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Overlapping Concussion Syndrome

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Other Names

  • OCS



  • Overlapping Concussion Syndrome (OCS) is a new term in concussion assessment.
  • It is used to describe a patient who is currently in the recovery phase for a concussion, without resolution of all symptoms, and has suffered a secondary concussion.
  • This secondary injury can result in prolongation of recovery.
  • This is not to be confused with SIS or PCS.
  • Patients with OCS have an increased number of symptoms as compared to patients with a standard concussion.
  • After the second injury, patients with OCS have similar symptom scores to those with PCS. [1]


  • According to the current body of literature, the pathophysiology of OCS is unknown.
  • It is known that the symptoms of each concussion can compound and worsen with an increased number of impacts.[2]
  • Patients who do not recover fully from concussions but return to everyday life and sport are at risk for a secondary injury and may have prolonged symptoms.
  • Metabolic dysfunction caused by secondary impact before primary concussion symptoms resolve can last up to 45 days after secondary injury occurs. [3] [4]

Risk Factors

  • Patients who have recently been concussed are at risk for OCS.
  • More research is needed on the risk factors specific to OCS.
  • See Concussions (Main) for risk factors for concussions.

Differential Diagnosis

  • Concussion
  • Post Concussion Syndrome
  • Second Impact Syndrome

Clinical Features

  • History
    • Patients with OCS will have a history of a recent previous concussion.
    • The differences in examination history between a patient with a standard concussion and OCS, is unknown.
    • Patients with OCS may also experience symptoms of PCS.
  • See Concussions (Main) for other clinical features of concussion
    • It is unknown how OCS differs in signs and symptoms from a standard concussion.


  • The evaluation of OCS should be similar to the evaluation of a standard concussion.
  • See Concussions (Main) for further explanation.


  • Grading concussions based on symptoms or loss of consciousness is not recommended


  • Patients with OCS may experience increased or worsening symptoms as opposed to a standard concussion.
  • Patient with OCS may experience prolonged symptoms and recovery. [1]
  • Gender may play a role in recovery time for patients with OCS.
    • It has been suggested that females recover slower than males. [1]

Return to Play

  • If a patient is diagnosed with OCS, Return to Play (RTP) protocol should be modified based on individual circumstances.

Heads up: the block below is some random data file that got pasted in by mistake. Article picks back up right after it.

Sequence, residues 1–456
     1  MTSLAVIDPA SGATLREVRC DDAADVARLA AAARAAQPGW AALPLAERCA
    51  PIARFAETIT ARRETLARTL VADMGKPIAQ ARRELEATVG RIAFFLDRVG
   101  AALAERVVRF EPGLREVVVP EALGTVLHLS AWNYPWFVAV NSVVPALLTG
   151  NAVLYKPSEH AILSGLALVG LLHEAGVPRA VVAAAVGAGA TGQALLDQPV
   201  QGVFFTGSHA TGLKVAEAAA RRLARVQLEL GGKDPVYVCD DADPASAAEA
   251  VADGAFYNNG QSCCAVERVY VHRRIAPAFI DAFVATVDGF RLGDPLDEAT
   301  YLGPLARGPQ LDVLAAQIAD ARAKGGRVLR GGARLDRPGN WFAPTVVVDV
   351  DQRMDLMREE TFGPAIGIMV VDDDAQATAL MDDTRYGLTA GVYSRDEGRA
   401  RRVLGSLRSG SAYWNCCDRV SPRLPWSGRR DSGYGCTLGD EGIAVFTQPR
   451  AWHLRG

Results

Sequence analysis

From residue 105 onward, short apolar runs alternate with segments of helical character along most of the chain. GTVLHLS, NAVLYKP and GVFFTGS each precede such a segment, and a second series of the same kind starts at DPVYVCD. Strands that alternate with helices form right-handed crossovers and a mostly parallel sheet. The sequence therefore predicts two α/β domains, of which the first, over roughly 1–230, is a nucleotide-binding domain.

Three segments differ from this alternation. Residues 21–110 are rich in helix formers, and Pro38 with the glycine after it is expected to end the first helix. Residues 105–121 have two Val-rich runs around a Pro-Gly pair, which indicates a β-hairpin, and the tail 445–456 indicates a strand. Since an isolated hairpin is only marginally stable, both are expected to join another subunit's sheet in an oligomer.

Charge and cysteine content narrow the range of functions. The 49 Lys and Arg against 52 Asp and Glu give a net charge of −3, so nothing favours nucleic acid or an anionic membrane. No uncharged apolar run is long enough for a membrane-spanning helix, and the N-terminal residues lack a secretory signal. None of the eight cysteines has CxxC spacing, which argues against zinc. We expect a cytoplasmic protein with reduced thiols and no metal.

• Patients may need to restart the RTP protocol at the level which their symptoms are not exacerbated.

Return to Learn

  • If a patient is diagnosed with OCS, Return to Learn (RTL) protocol should be modified based on individual circumstances.
  • Ensure patient receives modifications that are appropriate to their current symptoms level. Additional modifications may need to be made for patients with OCS.

See Concussions (Main) for further explanation on RTP and RTL protocols.

See Also


  1. 1.0 1.1 1.2 Wang DH, Kostyun RO, Trojian T, Solomito MJ. Overlapping Concussion Syndrome: Defined in a Pediatric Population. Connecticut Medicine. 2017;81(7).
  2. Committee on Sports-Related Concussions in Youth; Board on Children, Youth, and Families; Institute of Medicine; National Research Council; Graham R, Rivara FP, Ford MA, et al., editors. Sports-Related Concussions in Youth: Improving the Science, Changing the Culture. Washington (DC): National Academies Press (US); 2014 Feb 4. 5, Consequences of Repetitive Head Impacts and Multiple Concussions.
  3. Leddy J, Baker JG, Haider MN, Hinds A, Willer B. A Physiological Approach to Prolonged Recovery From Sport-Related Concussion. J Athl Train. 2017;52(3):299-308. doi:10.4085/1062-6050-51.11.08
    • However, the pathophysiology of OCS specifically, is unknown.
  4. Vagnozzi R, Signoretti S, Tavazzi B, et al. . Temporal window of metabolic brain vulnerability to concussion: a pilot 1H-magnetic resonance spectroscopic study in concussed athletes—part III. Neurosurgery. 2008; 62 6: 1286– 1295.
Created by:
Haley Chizuk on 5 August 2020 17:36:45
Last edited:
31 August 2020 16:36:57